I agree with many of the sentiments already expressed here: that the 1979 BCP was a step forward in many ways from the sometimes overwrought and almost unavoidably cramped liturgical books of yesteryear, and that at the same time there is room for more variety and more elaboration in the design of such books, of which there are so many fine examples in the history of printing. I would simply add that there is also still room to bring further insights of modern typographic, information, and publication design (which is not necessarily to say a modernist aesthetic) to bear on the considerable complexities of liturgical typography. Common Worship, not without its flaws, nevertheless to my mind represents a very notable endeavor in this regard, though it is of course only one possible solution; there is an account of its making at http://www.morganstudio.co.uk/site/downloads/commonworship.pdf (also linked from Oremus) that makes an interesting companion piece to the Updike article mentioned above. Incidentally, a proposal for a fine Standard Book to succeed Updike’s (see http://justus.anglican.org/resources/bcp/Standard1979.htm) seems to have gone nowhere, appearing as it did at a time when it seems the Church had reached a point of exhaustion and could no longer be bothered with such things.

    As a professional church musician and typographer, and a student of the liturgy, I dream of sinking my teeth into such a project as our good host suggests – or, a bit closer to home, as there is not likely ever to be much call for a Prayer Book Noted, or even a Prayer-Book-as-Devotional-Object, in my parish or diocese, an Antiphoner usable by mere mortals (something I occasionally putter with until my long-suffering partner seated across the study table notes that my Monastic Diurnal is encroaching upon his Accounts Receivable and there’s laundry to be folded). Of course, given the expense and difficulty, the question of whether to print liturgical resources at all in the twenty-first century is a fair one; the sprawling complexity of the liturgy in all its fullness seems a perfect opportunity for the computer programmer, as our host has so admirably demonstrated with the St Bede’s Breviary. But I for one find it unpleasant to read, and impossible to pray, from a computer screen, and I hope that there will always be a place for (well-)printed versions of texts that we mean to keep.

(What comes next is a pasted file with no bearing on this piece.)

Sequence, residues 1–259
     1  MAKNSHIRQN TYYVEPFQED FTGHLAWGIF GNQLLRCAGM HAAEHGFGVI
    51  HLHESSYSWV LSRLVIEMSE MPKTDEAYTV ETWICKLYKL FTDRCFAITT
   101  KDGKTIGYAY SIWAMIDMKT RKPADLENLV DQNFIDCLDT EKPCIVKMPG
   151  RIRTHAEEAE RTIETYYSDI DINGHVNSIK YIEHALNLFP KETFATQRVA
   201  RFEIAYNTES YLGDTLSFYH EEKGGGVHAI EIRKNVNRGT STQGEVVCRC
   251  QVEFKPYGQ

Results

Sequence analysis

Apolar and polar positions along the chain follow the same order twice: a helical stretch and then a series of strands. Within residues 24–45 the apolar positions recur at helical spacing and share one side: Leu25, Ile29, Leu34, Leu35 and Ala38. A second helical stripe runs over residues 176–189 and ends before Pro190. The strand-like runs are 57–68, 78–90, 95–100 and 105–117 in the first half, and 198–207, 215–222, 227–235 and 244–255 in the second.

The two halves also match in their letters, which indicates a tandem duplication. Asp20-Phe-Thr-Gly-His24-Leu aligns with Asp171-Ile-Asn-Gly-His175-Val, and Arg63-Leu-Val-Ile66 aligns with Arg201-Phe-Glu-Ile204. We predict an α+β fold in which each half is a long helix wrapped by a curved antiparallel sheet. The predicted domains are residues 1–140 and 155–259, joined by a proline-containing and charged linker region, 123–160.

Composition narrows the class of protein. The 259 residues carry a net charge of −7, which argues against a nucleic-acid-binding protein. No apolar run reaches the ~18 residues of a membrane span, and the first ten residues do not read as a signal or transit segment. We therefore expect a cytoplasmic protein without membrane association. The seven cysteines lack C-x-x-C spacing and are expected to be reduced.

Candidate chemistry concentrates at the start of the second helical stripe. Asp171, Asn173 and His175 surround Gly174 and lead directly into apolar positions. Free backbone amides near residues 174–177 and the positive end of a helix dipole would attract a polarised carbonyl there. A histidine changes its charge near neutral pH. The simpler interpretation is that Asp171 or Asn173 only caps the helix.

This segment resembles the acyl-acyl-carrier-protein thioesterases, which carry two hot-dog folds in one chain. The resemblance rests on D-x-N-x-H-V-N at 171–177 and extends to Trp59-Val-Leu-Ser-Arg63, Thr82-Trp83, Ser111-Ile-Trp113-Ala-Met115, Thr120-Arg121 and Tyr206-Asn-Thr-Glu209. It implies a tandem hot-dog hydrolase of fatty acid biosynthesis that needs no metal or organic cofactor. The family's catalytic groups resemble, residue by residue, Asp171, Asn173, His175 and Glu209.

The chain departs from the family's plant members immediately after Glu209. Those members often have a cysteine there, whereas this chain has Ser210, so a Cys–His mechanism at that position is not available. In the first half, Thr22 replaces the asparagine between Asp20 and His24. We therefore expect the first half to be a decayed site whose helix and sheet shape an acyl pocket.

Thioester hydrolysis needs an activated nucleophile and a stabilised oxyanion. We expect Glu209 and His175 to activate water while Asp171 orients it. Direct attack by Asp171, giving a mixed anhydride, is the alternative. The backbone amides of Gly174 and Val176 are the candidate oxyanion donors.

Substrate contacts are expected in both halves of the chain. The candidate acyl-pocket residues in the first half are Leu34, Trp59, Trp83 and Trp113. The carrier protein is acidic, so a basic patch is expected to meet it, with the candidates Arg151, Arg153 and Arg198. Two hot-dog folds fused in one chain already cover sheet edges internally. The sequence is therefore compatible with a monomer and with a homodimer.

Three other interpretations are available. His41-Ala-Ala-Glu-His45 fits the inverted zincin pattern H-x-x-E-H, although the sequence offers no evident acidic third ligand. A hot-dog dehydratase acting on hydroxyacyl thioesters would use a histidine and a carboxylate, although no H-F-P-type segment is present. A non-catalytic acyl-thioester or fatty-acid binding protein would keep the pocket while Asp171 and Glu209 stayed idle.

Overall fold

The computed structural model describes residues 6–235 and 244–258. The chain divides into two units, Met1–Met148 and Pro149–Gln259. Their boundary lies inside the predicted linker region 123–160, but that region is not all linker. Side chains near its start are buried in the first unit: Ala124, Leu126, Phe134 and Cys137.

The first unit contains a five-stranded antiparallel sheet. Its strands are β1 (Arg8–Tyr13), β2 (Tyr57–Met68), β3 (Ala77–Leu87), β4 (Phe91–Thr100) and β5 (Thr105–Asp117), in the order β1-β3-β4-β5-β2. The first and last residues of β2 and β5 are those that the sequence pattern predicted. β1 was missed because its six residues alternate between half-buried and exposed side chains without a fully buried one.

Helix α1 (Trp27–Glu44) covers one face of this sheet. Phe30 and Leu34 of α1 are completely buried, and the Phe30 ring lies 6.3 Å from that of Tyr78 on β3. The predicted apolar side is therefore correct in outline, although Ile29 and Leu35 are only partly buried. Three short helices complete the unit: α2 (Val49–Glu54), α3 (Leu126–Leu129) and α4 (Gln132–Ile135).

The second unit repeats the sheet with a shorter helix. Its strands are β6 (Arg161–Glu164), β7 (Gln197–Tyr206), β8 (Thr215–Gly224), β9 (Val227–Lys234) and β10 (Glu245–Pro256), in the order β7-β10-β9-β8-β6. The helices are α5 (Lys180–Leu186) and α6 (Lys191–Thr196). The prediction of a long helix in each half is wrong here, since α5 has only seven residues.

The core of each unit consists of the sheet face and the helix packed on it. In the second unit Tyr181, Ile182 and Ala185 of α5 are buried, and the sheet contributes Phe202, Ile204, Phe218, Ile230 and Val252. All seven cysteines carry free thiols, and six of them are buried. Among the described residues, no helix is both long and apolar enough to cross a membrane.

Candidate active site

In any case, God save the Church from such dreadfully debased attempts as that put forth over at the Novus Motus. Holy Augustine (of Hippo), Holy John (of God), [and Blessed Percy,] pray for us!

    – Precentor

    Post Scriptum:

    This is perhaps not the best venue to debate points of typographic style at any great length, but I would suggest in response to another commenter that there is a good deal to be said for setting liturgical texts (including Scripture) per cola et commata, as recommended by one St Jerome (as well as one Bradbury Thompson, typographical advisor to the 1979 BCP and frequent user of ‘sense lines’ – which I gather he imagined to be a modern invention – in books he designed, notably the Washburn/Oxford Bible): such setting can be helpful in shaping oral renditions of texts like these that are meant to be read (or better, sung) aloud, as well as in decoding (and encoding) textual structures that don’t always fall neatly into modern categories of poetry or prose – all of which I suggest would be beneficial to the understanding, performance, and ongoing development of the liturgy.

  9. Like Precentor above, I bring you greetings as yet another first-time commenter.
    I also would like to help develop liturgical books that are both beautifully designed and designed to be used in public worship. Has anyone, for example, produced an altar book that includes EOW texts?